October 2003 Archives

What would you say?


Suppose a new drug were being evaluated for approval, but the FDA thought maybe a few restrictions were in order. Those restrictions being:

  1. The doctors must be able to handle complications which would be expected in 5 - 8% of patients,
  2. The doctors must be trained in identifying a certain medical condition which would make it dangerous for the patient to take the drug,
  3. The doctors must be trained in providing follow-up care in case something went wrong with the drug, and should have admitting privileges at a nearby hospital.

Sound fair?

Or do they sound like "draconian restrictions"?

If you're Senator Barbara Boxer (Duh, CA), these are "barriers," and she and the other Congressional D's successfully insisted upon their removal.

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Warning: R-rated post


Of course, if these were actuall MPAA ratings, it would probably be PG-13, and apparently it's clean enough for Network television.

"I have two teenage boys and it terrifies me that they are exposed to hard-c0re p0rnography on the Internet before their first kiss," he continued. "At the same time, I'm a writer and I abhor the idea of censorship."

That, my friends, is a truly weasely statement.

This particular weasel is Jim Leonard, creator of the new NETWORK PRIME TIME SERIES "Skin" which is about the P*RNOGRAPHY INDUSTRY.

I know I ought not expect Hollywood writers to be knowledgeable about the first amendment and/or sincere in their representation of it, but this statement is ridiculous.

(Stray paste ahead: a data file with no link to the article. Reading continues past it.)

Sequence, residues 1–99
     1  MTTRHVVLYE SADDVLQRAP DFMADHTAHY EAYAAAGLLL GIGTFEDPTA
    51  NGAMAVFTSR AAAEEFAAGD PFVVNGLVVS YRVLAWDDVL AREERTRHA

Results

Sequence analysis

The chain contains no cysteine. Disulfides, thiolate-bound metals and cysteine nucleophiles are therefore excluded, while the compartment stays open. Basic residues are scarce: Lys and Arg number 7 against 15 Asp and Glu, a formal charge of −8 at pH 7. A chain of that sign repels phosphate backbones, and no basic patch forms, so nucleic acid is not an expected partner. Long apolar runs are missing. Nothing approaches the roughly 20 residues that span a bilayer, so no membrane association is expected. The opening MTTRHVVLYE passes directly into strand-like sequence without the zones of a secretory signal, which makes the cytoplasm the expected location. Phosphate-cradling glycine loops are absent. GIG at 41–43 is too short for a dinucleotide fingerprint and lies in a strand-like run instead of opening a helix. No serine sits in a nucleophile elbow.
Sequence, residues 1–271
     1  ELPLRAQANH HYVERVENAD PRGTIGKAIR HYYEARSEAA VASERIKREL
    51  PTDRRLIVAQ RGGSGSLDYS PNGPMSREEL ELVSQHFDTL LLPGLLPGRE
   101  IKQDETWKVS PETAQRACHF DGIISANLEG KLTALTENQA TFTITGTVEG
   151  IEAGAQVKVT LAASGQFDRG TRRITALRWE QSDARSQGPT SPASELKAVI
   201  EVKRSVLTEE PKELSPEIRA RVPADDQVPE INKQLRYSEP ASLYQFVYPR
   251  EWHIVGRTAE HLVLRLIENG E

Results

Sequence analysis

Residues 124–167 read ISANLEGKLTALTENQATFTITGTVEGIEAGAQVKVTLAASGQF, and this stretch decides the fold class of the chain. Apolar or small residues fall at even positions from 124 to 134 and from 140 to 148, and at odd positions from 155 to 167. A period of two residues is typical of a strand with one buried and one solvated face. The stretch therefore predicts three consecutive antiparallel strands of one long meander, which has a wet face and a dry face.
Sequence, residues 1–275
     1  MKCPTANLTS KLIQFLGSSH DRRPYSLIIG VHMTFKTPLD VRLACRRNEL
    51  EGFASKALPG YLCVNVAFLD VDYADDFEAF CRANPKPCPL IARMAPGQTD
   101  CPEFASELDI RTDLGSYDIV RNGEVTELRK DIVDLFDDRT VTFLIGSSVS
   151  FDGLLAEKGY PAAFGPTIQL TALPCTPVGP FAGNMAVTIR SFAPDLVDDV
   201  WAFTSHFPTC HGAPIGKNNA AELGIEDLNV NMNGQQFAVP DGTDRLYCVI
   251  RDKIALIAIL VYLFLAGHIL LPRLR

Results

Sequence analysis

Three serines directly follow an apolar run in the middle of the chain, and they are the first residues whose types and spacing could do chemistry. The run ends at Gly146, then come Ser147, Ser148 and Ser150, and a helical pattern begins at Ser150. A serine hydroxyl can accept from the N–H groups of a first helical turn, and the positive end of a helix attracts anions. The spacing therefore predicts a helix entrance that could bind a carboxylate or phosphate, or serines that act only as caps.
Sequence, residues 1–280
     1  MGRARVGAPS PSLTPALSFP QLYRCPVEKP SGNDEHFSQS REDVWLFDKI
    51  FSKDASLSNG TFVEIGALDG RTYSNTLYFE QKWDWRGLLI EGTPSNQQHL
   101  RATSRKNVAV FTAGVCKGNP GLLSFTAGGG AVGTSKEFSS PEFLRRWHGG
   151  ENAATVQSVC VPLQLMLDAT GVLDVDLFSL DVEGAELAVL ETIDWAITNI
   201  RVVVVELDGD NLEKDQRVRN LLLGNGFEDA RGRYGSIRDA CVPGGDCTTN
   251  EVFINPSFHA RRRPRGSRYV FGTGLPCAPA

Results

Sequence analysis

First of all, this filth does not belong on the air, but the FCC being spineless as it is, there are specific channels and specific timeslots into which p0rnography has been relegated. Any show portraying the p0rnography industry, even in a non-graphic way, belongs there. This of course does not deal with news reports, which might talk about something adult-entertainment related - but even then, there is a responsibility to be non-graphic and to be sensitive to the audience which generally views television in certain time slots.

By this man's reasoning, there's nothing to stop them from airing this Saturday morning between Transformers and G.I. Joe. (Man did I just date myself).

To prepare for his part, Mr. Silver said, he did extensive research, meeting with pornography business executives like Larry Flynt and performers like Jenna Jameson; reading magazines and watching videos. There is also a pornographic-film director as a consultant on the set. "This is fun," Mr. Silver said, "because it's different from anything else I've done."

Mr. Silver said he hoped the show would prompt a more open discussion of sexuality. "While we have been liberated in a certain way," he said, "we still have that puritan strain."

Oh right, let's believe that there are Puritan elements in our culture. Right, let's run some google searches and see puritanism. Let's turn on premium cable, basic cable, and now prime-time network television and see how Puritan we are.

It's pretty sad that somebody can look at efforts to protect children and families from smut and see "Puritanism."

On a less tragic level, Mr. Leonard said, "Skin" is about "two kids in love caught between two warring families" -- Goldman's 16-year-old Jewish daughter, Jewel, played by Olivia Wilde, and Roam's 17-year-old Mexican-Irish son, Adam, played by D.J. Cotrona. Because of their fathers' feuding, the two are forbidden to see each other.

It was this that attracted Mr. Bruckheimer to the project in the first place. "I just love 'Romeo and Juliet,'" he said.